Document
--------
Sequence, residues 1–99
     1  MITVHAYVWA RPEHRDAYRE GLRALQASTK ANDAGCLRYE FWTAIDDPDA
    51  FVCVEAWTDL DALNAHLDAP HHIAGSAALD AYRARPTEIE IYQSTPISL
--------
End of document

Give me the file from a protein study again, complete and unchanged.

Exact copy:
Sequence, residues 1–99
     1  MITVHAYVWA RPEHRDAYRE GLRALQASTK ANDAGCLRYE FWTAIDDPDA
    51  FVCVEAWTDL DALNAHLDAP HHIAGSAALD AYRARPTEIE IYQSTPISL